Secondly, I would emphasize gaining hands-on experience in the field. Without this, relationship to landscape is largely mediated by computer software. These are fantastic tools to be able to measure and communicate the built environment, but they do not fully embody the human experience. Having a facility with a living medium such as plants is a big responsibility, and it’s important to have tactile experiences with them and understand how they grow. Understanding the materials and process with hardscape construction is also important; I believe it’s important to know and understand the materials we are using before we can maintain full responsibility in using them to shape the built environment.
Lastly, I would emphasize how important it was for me to hand-draw as means of form-finding, and to form ideas. There are many types of technical media that we are lucky enough to learn, but early in the design process it’s important to explore and be willing to throw ideas away. Hand-drawing is unofficial and fluid and allows distinctive access to creative ideas. My final project took many forms throughout the year that were entirely based on tracing paper. It’s ok to stay in process and use hand-drawing to explore and to loosen up an idea.
Where do you find your inspiration?
I am very inspired by the plants we are surrounded by every day that ultimately host us and sustain life. Although landscape architecture encompasses many forms and scales of study, I am most inspired by planting design. The way textures, colors, blooms and forms of plants can be shaped to form dynamic spaces is so complex and exciting.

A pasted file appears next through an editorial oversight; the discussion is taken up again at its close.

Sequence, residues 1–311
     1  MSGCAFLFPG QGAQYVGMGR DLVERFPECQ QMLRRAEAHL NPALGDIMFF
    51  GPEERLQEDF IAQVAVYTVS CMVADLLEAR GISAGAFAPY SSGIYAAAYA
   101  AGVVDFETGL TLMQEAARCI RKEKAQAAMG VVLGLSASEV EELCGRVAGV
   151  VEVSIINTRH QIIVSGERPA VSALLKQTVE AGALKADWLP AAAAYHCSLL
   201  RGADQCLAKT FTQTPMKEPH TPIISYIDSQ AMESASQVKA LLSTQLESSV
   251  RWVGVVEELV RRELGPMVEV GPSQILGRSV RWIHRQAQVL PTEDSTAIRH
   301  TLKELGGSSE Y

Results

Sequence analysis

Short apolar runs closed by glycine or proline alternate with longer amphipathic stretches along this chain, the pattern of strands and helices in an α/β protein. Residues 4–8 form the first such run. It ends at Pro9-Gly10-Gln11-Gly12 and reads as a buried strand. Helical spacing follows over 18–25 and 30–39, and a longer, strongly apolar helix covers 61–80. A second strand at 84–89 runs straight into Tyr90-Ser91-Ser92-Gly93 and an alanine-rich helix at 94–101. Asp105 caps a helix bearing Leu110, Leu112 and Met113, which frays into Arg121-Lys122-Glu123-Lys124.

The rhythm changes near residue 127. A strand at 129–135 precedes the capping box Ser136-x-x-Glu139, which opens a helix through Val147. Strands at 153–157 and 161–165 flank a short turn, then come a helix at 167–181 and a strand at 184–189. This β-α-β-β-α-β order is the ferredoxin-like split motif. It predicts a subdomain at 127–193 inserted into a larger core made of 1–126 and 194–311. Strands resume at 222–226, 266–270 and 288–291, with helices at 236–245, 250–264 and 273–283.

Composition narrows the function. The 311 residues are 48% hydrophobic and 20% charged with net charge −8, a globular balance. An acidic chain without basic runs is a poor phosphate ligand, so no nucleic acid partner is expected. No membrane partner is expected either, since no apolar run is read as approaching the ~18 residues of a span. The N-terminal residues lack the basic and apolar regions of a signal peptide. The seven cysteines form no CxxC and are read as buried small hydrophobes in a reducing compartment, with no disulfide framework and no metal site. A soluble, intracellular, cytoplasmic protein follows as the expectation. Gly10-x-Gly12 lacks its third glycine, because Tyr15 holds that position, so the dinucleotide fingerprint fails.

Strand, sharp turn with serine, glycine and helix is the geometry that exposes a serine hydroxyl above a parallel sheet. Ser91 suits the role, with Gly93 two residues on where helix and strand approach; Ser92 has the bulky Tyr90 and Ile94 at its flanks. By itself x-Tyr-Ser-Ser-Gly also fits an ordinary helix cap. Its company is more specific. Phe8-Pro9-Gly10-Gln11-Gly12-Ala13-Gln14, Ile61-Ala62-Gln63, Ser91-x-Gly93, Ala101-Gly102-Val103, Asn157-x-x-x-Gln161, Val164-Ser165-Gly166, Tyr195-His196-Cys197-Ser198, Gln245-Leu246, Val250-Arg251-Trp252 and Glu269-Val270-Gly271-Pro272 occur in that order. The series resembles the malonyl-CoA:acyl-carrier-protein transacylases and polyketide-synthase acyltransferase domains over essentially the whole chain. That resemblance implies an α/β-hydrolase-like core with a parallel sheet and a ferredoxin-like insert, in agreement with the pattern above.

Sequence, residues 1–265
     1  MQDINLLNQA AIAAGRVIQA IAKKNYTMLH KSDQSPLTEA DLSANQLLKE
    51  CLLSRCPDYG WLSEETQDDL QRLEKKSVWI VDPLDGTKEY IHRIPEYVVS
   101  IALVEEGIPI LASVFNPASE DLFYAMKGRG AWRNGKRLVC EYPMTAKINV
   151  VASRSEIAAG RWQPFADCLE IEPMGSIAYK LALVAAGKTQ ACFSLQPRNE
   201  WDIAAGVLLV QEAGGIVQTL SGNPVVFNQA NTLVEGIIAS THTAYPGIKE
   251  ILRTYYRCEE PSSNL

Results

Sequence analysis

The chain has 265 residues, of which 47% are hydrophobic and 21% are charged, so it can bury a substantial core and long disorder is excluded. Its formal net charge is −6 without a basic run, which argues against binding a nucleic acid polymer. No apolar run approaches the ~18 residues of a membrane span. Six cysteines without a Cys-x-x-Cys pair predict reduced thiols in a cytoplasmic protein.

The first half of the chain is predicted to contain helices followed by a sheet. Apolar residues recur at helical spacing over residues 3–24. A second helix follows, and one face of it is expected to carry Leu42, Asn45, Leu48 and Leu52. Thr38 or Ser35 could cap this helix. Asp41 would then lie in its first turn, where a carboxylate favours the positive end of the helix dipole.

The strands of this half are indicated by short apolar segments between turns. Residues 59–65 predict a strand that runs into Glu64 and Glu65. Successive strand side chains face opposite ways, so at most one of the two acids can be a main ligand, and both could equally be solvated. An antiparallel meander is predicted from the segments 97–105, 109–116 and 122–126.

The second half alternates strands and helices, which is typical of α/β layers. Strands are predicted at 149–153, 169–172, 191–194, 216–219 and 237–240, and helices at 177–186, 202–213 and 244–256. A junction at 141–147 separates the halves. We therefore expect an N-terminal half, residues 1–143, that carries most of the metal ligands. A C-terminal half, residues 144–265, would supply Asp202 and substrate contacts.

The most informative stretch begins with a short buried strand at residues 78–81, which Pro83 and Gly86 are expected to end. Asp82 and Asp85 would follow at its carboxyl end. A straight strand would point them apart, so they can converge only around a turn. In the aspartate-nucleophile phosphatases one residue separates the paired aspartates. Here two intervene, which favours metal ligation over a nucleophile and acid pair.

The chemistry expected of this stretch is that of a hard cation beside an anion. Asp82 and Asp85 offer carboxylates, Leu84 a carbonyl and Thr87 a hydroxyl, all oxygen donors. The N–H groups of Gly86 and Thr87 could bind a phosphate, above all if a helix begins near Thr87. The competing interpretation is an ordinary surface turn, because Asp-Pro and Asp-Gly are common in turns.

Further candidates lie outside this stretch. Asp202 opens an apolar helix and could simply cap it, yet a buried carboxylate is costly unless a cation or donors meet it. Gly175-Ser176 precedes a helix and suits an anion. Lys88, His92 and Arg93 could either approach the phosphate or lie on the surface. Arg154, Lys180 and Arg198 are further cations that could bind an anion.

This inspiration formed the foundation of my graduation project where I reinterpreted the planting plans from a nineteenth century plants-woman, gardener and artist named Gertrude Jekyll. She was famous for her herbaceous perennial borders, and maintained intimate connection and knowledge about plant material. My critique was based on how landscape architecture typically uses a static, homogenous language to represent plant life. Plants are alive and dynamic, however, they are represented as unmoving objects in only one stage of their growth process. Depicting plants as motionless undermines their agency as alive organisms and reinforces an anthropocentric (human-centered) agenda. I represented the plants in Jekyll’s plan as unfolding throughout five seasons — spring, summer, fall, fall/winter and winter. Each plant was researched and drawn by hand to depict their individual changes in form throughout the year. This was also represented in animation format. In this project hand-drawing was used as a form of research to study each individual plant. The project hopes to initiate new planting topologies or methodologies that can be used by landscape architects in the design ideation process, whereby a plants full scope of aliveness can be envisioned, and collaboration can occur between humans and non-humans.
How do you feel a graduate degree in landscape architecture has benefitted you compared to a different field of study?
Landscape architecture encourages one to think at multiple scales simultaneously, from regional to urban, and all scales in between. It is composed of many dynamic systems and must always include environmental ethics. This degree has given me perspective on environmental systems, and through this I have learned what my own unique role is and how I can make a difference. In the twenty-first century, environmental stewardship is more important than ever; this degree gives you the ability to be able to think critically about the state of the environment and harness the skills to successfully communicate ideas and solutions. Landscape architecture is strong at the visual communication of ideas. This is a rich skill that can reach many different audiences. With this degree I was able to penetrate my values around caring for the environment, while also fostering my creativity and have those things work in tandem. I am very grateful for this opportunity and the luxury to be able to learn from so many creative and intelligent people.